Japan - On a Slow Path to Recovery
Earthquakes and their after-shocks followed by a tsunamis are more frequent after 3.11.2011. Japan is situated over a number of converging tectonic plates, which are very thick (about 70Kms) and moves few centimeters every year. Every earthquake happens due to the shifting and distortion of the plates below the surface. Scientists are trying to understand the pattern and dimensions of earthquakes, so that more accurate predictions can be made before any disaster caused by these earthquakes.
Since the 3.11 Higashi-Kanto earthquake of Japan, there have been approximately 500 after-shocks felt, some of these after-shocks are as powerful as 7.0 magnitude level. The Meteorological Agency of Japan has been sending frequent warnings about future earthquakes and tsunami's. The tsunami announcement clearly warns about 2nd and 3rd waves, which will be more powerful than the first wave.
In the recent horrific earthquake and tsunami, Tohoku, the northeastern part of Japan was hardest hit, with some areas completely evacuated, leaving them ghost-towns. The residents have taken refuge in safer areas, with hopes of returning becoming doubtful.
After exactly four-months, recovery is slow, measuring the patience of the residents. A brief monsoon is over and the daily temperature is rising to maximum 37c degrees, with more decay and a rise in the insect population expected. The most recent quake of 7.3 magnitude was recorded on Sunday, July 10, when once again sirens were heard with tsunami warnings.
Over at the Fukushima reactor premises, smooth operation of the treatment system is still in trial and error stage. Tokyo Electric is supposed to recycle water in order to cool the damage reactors of the plant, but here and there some glitches are preventing a smooth cool down. There is concern whether the melted fuel should be buried deep down below earth's surface, or taken to another remote location. The importance of the highly readioactive material's removal can not be understated. Without that, the sacrifices of the already evacuated residents will continue to be unbearable.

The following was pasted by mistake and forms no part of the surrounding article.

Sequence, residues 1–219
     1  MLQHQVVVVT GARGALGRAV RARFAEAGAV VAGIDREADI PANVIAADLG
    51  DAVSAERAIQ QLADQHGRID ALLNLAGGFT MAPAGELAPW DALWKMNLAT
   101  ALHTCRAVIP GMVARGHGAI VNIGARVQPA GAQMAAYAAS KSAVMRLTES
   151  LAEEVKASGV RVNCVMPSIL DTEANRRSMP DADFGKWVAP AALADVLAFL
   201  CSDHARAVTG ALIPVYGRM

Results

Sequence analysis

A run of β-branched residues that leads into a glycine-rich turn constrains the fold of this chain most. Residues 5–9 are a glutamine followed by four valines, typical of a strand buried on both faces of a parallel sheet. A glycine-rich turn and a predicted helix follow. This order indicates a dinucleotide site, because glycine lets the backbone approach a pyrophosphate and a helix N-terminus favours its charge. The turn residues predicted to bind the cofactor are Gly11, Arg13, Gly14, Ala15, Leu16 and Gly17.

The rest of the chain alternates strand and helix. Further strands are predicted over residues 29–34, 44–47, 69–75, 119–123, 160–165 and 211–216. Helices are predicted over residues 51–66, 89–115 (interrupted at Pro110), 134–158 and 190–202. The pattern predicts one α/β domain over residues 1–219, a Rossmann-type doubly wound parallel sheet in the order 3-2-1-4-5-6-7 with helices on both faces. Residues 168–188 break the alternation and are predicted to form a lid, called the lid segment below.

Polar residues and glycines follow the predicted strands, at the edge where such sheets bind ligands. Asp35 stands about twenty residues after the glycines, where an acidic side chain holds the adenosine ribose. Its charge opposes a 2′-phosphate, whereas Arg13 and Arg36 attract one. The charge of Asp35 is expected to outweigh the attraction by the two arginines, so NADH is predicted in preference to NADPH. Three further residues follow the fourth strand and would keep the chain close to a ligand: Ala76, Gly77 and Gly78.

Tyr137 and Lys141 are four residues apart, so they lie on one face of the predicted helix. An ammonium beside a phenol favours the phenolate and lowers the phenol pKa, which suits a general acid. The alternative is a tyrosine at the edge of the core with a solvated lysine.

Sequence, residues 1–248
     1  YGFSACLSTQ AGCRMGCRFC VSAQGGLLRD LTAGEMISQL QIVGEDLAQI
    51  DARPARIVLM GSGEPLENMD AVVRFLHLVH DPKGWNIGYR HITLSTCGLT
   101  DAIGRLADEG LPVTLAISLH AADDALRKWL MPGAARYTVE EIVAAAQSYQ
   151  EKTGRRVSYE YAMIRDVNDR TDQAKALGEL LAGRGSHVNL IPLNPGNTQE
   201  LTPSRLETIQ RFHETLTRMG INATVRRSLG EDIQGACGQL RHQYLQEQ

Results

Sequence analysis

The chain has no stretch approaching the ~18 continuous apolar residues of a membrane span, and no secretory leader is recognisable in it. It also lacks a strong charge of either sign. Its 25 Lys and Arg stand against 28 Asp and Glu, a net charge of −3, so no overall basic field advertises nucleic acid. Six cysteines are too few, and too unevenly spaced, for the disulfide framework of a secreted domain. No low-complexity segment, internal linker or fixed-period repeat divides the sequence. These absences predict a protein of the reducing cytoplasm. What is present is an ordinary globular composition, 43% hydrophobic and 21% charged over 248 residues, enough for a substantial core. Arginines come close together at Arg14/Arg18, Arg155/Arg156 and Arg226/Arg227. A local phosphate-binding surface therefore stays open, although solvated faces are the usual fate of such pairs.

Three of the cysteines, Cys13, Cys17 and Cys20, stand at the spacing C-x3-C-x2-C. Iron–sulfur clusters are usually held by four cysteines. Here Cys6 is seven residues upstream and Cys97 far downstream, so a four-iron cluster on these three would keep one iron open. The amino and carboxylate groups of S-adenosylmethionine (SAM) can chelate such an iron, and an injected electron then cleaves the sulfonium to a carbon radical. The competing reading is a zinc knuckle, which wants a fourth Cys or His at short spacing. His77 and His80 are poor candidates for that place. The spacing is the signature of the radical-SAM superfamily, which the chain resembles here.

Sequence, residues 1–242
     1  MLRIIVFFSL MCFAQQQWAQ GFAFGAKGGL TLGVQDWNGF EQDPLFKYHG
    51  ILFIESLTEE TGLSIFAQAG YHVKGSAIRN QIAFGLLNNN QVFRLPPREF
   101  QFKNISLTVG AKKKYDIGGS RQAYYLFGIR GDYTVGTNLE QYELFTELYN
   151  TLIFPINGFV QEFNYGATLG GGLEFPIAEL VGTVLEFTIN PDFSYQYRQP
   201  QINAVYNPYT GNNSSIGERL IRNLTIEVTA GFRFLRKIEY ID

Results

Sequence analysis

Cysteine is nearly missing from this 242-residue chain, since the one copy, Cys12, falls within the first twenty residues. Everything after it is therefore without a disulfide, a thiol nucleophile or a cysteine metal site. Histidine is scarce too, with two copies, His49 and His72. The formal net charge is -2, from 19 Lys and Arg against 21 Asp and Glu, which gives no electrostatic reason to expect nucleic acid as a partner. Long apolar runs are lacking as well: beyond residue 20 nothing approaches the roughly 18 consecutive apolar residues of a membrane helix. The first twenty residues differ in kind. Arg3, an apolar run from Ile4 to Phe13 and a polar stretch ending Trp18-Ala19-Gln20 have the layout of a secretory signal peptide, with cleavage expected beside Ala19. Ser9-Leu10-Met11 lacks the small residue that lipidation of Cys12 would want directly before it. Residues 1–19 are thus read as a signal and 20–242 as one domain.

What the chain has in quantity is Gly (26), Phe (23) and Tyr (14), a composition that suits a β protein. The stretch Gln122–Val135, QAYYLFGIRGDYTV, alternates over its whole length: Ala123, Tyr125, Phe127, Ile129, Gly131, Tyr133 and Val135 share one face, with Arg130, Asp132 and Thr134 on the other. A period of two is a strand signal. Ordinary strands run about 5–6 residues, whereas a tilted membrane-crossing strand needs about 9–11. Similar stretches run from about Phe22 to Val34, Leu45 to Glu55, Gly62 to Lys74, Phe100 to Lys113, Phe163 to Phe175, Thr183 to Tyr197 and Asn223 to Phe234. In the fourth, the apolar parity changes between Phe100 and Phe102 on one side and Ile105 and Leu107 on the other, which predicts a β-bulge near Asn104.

With the efforts of the government, some progress is being made, with more expected as the piles of debris are removed clearing and roads are repaired.
Japan is becoming more anxious about the future of nuclear energy, and what will be the best way to replace it. Still, the answers to this and Japan's rehabilitation remain unsolved. There is not enough being done by the government to calm down the nation on any front, when this road of seeking “replacement of energy sources” and “rehabilitation of the residents of Fukushima” will come to a satisfying end.